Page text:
Think-They-Know-It-Alls (10 Types of Difficult People)



"It is better to keep your mouth closed and let people think you are a fool than to open it and remove all doubt." — Mark Twain

Think-They-Know-It-All people can’t fool all the people all the time.

But they can fool some of the people enough of the time, and enough of the people all of the time – all for the sake of getting some attention.

They know how to learn just enough about a subject to sound like they know what they are talking about. They are addicted to exaggeration as an attention-getting technique.

They might even suffer from the the Dunning-Kruger effect (dumb people don’t know they’re dumb.)

In Dealing with People You Can’t Stand: How to Bring Out the Best in People at Their Worst, Dr. Rick Brinkman and Dr. Rick Kirschner write about how to deal with people that behave like Think-They-Know-It-Alls.

Your Goal in Dealing with a Think-They-Know-It-All Person

Your goal in dealing with a difficult person who demonstrates the bad behavior of a Think-They-Know-It-All is to give their bad ideas the hook, and take them off the stage.

Via Dealing with People You Can’t Stand:

“Your goal is to catch them in their act and give their bad ideas the proverbial hook, just as bad acts were removed from the stage in Vaudeville days. Only in this case, you’ll want to do so without putting the Think-They-Know-It-All on the defensive."

Action Plan for Dealing with a Think-They-Know-It-All Person

Brinkman and Kirschner provide prescriptive guidance for dealing with Think-They-Know-It-Alls:

  1. Give the person a little attention. Use two ways: 1) backtrack their comments with enthusiasm 2) Acknowledge positive intent rather than wasting your time with their content.
  2. Clarify for specifics. Ask them for some revealing clarification questions for specifics. Since the Think-They-Know-It-All speaks in huge generalizations you’ll want to question the use of universal words like "everybody" with "Who specifically?", "always" with "When specifically?", and "significant" with "Significant in what way, specifically?"
  3. Tell it like it is. Redirect the conversation back to reality.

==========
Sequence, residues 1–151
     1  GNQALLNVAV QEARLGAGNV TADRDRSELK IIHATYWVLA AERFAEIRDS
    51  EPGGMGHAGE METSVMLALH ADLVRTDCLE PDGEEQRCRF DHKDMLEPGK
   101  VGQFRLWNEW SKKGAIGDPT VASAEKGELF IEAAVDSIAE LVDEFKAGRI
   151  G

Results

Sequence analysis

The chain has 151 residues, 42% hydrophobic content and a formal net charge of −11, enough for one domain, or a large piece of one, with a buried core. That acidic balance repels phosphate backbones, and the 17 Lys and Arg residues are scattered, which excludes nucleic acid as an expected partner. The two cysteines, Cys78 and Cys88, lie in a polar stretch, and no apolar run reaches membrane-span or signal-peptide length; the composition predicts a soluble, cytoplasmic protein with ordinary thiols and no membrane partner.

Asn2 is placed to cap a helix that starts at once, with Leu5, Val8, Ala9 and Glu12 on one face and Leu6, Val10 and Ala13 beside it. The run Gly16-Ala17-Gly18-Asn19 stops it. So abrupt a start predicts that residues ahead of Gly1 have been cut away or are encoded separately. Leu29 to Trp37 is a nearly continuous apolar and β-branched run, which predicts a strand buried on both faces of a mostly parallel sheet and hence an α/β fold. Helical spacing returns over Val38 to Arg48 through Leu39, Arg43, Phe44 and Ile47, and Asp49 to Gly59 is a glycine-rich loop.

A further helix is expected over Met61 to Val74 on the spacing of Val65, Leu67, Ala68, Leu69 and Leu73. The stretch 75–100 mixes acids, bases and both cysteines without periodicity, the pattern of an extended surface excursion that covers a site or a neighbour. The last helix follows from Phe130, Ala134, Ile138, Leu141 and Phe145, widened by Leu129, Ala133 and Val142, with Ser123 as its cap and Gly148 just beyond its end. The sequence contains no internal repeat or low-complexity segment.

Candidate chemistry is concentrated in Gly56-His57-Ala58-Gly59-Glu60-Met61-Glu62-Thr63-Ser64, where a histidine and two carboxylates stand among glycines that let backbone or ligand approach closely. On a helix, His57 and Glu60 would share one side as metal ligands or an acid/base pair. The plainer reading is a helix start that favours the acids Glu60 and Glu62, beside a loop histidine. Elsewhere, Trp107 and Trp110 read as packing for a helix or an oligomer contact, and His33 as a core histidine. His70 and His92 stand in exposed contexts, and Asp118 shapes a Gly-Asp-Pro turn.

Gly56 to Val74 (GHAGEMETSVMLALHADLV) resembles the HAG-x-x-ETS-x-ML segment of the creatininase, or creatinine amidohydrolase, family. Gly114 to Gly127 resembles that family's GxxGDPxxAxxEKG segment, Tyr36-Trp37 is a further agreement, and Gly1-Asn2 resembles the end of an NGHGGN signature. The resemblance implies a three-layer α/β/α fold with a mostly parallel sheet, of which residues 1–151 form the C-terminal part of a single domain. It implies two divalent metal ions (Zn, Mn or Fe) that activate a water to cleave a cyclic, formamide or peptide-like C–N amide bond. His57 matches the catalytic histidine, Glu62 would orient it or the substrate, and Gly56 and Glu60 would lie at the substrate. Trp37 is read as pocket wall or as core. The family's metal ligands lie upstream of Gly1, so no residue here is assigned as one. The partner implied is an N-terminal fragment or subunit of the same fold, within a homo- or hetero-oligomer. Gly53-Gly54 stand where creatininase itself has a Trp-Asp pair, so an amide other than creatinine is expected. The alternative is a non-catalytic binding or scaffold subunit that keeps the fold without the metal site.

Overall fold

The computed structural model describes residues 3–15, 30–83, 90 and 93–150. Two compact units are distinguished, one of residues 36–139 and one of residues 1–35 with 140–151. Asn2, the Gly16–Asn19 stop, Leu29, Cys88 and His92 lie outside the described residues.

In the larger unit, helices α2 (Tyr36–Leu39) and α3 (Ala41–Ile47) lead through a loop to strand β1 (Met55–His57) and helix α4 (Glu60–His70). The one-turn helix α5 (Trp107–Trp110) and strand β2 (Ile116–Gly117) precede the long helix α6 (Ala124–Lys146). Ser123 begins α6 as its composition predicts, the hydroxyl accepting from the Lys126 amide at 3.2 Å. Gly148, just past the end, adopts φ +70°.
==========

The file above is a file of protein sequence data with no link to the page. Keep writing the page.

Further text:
4. Give the person a break. Resist the temptation to embarrass them. Make them an ally by giving them a way out and again minimizing the chance of putting them on the defensive.
  5. Break the cycle. Recognize the negative cycle and work with the person to break the cycle. Break the cycle by doing two things: 1) use gentle confrontation to tel lthem the truth about the consequences of their negative behavior 2) Actively look for and notice what this problem person is doing right, and give them credit where credit is due.

Examples of Responding to a Think-They-Know-It-All Person

Brinkman and Kirschner provide examples of dealing with Think-They-Know-It-Alls:

  • Give their ideas a little attention. "thanks for wanting us to get the right system for our people."  (Acknowledge positive intent)
  • Clarify for specifics. "Are you aware of the file transfer capabilities between Bartlett and BMI?"
  • Give the person a break. "But may you haven’t had a chance to read those articles yet?" (Give them a break)

Key Take Aways

Here are my key take aways:

  • Know that the Think-They-Know-It-All just wants attention. Just recognizing this might help you deal with the Think-They-Know-It-All better.
  • Use clarifying questions over debate. Asking the right questions, in front of the right people, is better than arguing.
  • Have mercy. You don’t want to put them on the defensive. You don’t want to scar them emotionally. Your purpose is to just to take the bad ideas off the stage.

A little attention can go a long way.

The key is to refocus the attention in the right direction.

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